Sidney Phillips was born September 2, 1924, the younger brother of Katharine Phillips. His father, a teacher who became principal of Murphy High School in Mobile during the War, had been a 2nd lieutenant in the 145th Infantry in World War One, and had been wounded in the Argonne Forest. Phillips’ best friend growing up was Eugene B. Sledge.
Phillips graduated from high school in June of 1941 and went to work with the U.S. Engineers, carrying maps between departments while saving for college. On December 8, 1941, he was just 17 when he and a friend, W. O. Brown, enlisted in the Marines. After training, Phillips was assigned to H Company, 2nd Battalion, 1st Marines Regiment, 1st Marine Division, and taught to operate the 81 mm mortar.
In the spring of 1942 he went overseas -- first to New Zealand, and then, in August, to the Solomon Islands where he participated in the landings on Guadalcanal. Phillips survived four months of combat on the island and fought in many battles, including the Battle of the Tenaru.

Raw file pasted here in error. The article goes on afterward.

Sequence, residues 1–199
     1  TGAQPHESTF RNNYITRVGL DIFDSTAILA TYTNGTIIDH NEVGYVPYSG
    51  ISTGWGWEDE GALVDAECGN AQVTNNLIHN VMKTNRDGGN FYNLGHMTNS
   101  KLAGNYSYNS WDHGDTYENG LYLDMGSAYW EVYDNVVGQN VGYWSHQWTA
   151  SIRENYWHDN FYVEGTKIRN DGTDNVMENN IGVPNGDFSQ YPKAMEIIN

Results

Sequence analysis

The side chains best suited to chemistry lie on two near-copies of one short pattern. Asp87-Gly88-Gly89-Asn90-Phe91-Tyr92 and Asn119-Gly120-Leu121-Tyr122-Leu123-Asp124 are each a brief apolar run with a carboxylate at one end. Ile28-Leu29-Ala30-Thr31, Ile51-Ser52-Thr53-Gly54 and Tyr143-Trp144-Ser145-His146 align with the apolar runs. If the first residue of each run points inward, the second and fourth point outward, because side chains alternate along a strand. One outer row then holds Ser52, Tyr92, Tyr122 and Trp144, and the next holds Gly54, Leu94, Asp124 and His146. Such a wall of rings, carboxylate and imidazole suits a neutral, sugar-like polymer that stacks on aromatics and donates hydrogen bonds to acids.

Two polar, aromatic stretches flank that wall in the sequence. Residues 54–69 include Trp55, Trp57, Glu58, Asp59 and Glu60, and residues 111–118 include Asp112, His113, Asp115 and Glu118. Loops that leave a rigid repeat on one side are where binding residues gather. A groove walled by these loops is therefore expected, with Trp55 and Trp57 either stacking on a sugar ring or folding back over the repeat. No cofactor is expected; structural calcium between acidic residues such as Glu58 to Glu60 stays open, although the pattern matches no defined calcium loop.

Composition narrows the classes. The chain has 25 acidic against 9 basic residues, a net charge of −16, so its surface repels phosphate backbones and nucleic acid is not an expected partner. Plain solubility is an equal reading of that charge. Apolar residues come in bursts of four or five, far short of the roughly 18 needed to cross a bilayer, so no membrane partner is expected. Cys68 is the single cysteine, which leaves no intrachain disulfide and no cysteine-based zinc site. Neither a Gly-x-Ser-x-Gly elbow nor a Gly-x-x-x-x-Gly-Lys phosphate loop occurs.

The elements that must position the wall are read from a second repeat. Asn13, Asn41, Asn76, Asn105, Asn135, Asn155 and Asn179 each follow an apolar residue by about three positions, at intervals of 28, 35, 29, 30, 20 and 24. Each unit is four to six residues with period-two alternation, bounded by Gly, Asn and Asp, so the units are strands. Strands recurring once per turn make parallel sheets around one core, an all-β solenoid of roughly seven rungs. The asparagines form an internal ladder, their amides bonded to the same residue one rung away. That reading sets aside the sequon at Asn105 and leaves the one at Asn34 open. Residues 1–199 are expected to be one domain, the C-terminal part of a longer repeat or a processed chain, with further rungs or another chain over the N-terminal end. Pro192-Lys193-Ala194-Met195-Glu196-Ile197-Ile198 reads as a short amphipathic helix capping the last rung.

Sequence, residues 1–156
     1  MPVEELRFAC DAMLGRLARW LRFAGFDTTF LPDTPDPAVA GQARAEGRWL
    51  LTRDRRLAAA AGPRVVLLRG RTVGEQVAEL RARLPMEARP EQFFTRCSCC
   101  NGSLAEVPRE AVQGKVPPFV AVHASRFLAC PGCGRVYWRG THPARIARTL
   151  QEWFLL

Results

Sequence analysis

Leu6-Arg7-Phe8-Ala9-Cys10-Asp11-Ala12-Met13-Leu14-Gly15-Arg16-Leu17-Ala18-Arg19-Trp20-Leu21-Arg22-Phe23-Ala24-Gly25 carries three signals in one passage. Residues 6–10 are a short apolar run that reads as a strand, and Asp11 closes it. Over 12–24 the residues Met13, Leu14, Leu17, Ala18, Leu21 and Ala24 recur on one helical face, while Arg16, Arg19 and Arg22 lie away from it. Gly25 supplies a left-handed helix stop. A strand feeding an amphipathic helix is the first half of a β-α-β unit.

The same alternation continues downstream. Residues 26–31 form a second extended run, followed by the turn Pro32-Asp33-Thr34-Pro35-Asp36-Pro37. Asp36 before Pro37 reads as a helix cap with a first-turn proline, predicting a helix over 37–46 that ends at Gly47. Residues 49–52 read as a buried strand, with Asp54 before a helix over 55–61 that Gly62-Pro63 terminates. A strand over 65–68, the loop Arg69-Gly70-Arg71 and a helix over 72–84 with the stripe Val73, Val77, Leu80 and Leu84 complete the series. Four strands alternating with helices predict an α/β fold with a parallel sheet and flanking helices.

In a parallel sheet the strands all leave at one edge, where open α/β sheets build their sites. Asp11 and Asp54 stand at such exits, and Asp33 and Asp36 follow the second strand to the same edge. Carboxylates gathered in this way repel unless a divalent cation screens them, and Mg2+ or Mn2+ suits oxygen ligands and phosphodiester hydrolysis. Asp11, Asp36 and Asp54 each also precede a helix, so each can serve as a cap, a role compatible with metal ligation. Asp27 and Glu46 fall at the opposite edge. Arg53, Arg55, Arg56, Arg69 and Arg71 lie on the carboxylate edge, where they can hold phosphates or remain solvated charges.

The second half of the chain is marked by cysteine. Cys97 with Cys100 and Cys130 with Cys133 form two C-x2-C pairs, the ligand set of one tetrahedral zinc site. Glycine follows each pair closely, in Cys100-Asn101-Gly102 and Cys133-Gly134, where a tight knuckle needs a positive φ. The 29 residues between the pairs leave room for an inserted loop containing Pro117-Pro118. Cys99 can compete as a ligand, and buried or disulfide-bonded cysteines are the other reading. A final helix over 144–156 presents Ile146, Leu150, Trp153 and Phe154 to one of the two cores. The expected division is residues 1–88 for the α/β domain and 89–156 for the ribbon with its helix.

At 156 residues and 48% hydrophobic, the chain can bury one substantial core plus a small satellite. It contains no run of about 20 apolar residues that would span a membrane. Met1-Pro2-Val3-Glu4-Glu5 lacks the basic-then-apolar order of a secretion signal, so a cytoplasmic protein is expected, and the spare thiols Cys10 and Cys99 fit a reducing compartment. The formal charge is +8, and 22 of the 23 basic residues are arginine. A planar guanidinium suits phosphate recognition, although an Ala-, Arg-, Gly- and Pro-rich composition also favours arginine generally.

Phillips and his unit were taken off Guadalcanal on December 22, l942 and eventually sent to Melbourne, Australia for rest and recovery. While on guard duty one night, he had occasion to meet Eleanor Roosevelt when she came to visit the troops. Towards the end of 1943 he was sent to New Guinea for training and then participated in the invasion of Cape Gloucester, on the western tip of New Britain. After several months of miserable fighting in the jungles there, he was sent to a rest camp on the island of Pavuvu. From there, in the summer of 1944, Phillips was rotated back to the United States and was accepted into the V-12 naval officer training program. He was still in training when the war ended, and was able to return to Mobile. He married Mary Houston, had 3 children, and became a family physician in his hometown.